Bay College’s Film Series Announces 2018 Schedule


Besse Theater stage and seating

Our race to the Oscars begins!  The Film Series at Bay College once again celebrates the art of film- making, showing the best in international, documentary, and independent cinema.  This year’s roster is filled with award-winning, critically-acclaimed, audience-approved movies. 

To start the school year on Thursday, September 13th, Won’t you be my Neighbor? will be shown in conjunction with a number of children’s advocacy groups in the U.P.  This popular documentary is an intimate glimpse into the life of beloved children’s programmer Fred Rogers, eponymous host of the iconic PBS children’s series “Mr. Roger’s Neighborhood.”  It is “the must-see documentary of the year,” according to Stephanie Archer of FilmInquiry magazine.  Newsday agrees, calling it a “poignant tribute to the mild-mannered father-figure who served as moral compass to generations.”

This film, by Academy Award-winner Morgan Neville – whose films 20 Feet from Stardom and Best of Enemies were Film Series favorites -- takes us past the comfy sweaters and home-town friends, into the creative genius whose legacy continues to educate and inspire children around the world.  A.O Scott of The New York Times says Won’t you be my Neighbor? is one of the “best American movies in theaters right now.”

Bay College’s second film in the series on October 4th is Don’t Worry, He Won’t Get Far on Foot directed by two-time Oscar nominee Gus Van Sant., which premiered this year at the Sundance Film Festival.  Starring Joaquin Phoenix and Jack Black, this movie is based on the autobiography of political cartoonist John Callahan.   Critic David Edelstein calls Phoenix’s performance “brilliance onscreen.” Adam Graham from The Detroit Free Presssays it’s an “appropriately unorthodox remembrance” in this “off-kilter biopic about an off-kilter guy.”  This movie highlights the redemptive and healing power of art.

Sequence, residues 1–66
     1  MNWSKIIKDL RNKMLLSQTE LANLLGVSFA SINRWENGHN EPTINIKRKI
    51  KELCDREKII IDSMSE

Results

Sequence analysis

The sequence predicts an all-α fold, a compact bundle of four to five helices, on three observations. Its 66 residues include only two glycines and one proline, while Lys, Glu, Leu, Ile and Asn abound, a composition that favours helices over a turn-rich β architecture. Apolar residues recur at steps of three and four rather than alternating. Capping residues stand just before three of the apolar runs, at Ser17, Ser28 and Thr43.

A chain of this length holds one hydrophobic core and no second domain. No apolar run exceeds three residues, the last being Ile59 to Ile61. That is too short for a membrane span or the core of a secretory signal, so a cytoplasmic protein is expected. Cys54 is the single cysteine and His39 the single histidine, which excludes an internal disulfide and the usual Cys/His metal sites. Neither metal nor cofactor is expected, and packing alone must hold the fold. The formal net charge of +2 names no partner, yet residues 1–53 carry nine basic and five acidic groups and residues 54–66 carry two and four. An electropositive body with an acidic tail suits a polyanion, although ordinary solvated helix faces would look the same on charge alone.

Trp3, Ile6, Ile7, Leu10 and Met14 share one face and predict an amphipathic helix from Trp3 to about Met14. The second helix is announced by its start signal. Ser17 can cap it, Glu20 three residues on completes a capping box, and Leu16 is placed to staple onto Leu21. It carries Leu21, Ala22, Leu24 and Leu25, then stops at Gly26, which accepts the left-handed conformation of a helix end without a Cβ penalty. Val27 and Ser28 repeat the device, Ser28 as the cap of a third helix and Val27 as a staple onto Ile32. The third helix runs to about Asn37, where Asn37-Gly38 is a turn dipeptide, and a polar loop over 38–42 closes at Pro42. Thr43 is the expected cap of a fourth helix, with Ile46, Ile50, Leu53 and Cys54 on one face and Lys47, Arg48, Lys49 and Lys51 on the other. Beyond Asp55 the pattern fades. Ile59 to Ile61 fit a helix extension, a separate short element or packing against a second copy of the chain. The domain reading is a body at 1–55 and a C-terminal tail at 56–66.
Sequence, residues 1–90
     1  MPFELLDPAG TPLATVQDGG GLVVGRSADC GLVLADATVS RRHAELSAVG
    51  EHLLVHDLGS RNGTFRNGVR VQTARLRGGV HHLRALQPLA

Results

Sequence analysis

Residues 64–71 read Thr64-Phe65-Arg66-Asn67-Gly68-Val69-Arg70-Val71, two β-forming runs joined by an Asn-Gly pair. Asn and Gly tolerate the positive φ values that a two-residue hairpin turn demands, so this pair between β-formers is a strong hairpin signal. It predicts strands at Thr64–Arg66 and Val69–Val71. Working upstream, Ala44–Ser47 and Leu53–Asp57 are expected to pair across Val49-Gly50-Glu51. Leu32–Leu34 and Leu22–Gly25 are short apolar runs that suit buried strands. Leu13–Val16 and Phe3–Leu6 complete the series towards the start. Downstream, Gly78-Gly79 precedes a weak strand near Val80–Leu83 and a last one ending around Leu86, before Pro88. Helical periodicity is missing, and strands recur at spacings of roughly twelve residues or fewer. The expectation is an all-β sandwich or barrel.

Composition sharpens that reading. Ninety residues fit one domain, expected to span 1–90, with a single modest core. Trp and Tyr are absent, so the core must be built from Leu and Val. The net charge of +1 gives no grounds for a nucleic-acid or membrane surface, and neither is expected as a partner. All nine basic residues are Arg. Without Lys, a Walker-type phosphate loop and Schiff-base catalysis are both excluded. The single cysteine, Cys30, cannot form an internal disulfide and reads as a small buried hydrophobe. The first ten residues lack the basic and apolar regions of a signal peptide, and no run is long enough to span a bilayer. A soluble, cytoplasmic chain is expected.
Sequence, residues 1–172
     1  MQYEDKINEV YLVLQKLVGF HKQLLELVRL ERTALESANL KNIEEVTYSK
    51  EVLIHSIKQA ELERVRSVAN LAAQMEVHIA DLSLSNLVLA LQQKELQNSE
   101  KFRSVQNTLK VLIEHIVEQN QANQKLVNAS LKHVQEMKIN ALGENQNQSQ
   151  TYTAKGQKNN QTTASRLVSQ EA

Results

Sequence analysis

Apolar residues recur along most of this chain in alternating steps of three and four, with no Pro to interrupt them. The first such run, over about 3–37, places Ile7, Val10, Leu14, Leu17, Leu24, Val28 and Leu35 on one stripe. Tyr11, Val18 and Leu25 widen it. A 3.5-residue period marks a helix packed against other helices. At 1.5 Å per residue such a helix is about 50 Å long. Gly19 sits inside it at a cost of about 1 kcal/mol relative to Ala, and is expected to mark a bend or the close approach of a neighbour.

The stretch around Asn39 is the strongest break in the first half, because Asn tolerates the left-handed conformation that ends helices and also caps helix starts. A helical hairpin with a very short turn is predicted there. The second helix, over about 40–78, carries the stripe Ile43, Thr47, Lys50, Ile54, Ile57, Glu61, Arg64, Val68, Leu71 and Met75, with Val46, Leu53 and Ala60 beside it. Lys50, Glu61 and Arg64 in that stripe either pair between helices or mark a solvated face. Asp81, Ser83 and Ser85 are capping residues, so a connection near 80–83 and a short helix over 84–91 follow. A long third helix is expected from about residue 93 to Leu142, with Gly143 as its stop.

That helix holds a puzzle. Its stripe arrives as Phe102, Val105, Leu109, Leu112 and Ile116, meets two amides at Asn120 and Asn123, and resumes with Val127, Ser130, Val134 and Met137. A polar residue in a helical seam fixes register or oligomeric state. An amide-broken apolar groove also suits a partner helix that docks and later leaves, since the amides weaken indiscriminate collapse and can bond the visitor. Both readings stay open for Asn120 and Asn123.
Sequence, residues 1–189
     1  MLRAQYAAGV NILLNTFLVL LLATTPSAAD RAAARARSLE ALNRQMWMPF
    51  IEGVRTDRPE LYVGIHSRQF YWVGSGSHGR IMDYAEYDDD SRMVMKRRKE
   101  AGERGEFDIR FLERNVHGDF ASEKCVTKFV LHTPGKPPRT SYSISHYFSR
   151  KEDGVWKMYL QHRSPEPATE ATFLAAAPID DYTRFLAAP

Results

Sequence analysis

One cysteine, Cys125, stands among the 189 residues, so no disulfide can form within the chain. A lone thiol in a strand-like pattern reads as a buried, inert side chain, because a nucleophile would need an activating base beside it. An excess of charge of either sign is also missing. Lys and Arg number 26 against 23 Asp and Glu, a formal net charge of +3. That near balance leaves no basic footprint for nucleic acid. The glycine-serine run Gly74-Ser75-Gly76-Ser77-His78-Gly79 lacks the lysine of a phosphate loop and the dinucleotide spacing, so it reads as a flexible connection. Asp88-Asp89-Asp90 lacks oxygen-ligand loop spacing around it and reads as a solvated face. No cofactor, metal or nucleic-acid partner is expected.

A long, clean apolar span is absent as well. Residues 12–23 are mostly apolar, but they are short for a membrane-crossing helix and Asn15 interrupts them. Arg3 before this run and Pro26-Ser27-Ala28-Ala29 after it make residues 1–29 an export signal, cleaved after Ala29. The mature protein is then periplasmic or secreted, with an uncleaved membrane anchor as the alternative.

The film series continues with the one of the most talked about movies of the year, Spike Lee’s BlacKkKlansman on November 15th.  Based upon the true story of the 1970s infiltration of America’s most notorious supremacist group, the movie shows how African-American police officer Ron Stallworth (played by John David Washington, Denzel’s son) and Jewish-American detective (Adam Driver) contact and then join the KKK working undercover.  It’s a plot you wouldn’t believe if you didn’t know it was true.  Richard Brody from The New Yorker magazine, says, “Lee also offers a clear, specific, and wondrous, if wary, view of change that's possible because, at one time and to some extent, it actually happened.”

Bay College’s 2018 Film Series season ends on December 6th with The Miseducation of Cameron Post, which won the Grand Jury Prize at this year’s Sundance Festival.  When high school student Cameron is shipped off to conversion therapy by her parents, she finds an unlikely community of peers at the center.   This coming-of-age story is anchored by the strong performance of grown-up child star Chloe Grace Moretz.

All Film Series movies are shown in Bay College’s Besse Center Theater at 7 p.m. in Escanaba.  Tickets are $5 general public and $2 for students with a valid student ID and are available at the box office or can be purchased online. For more information visit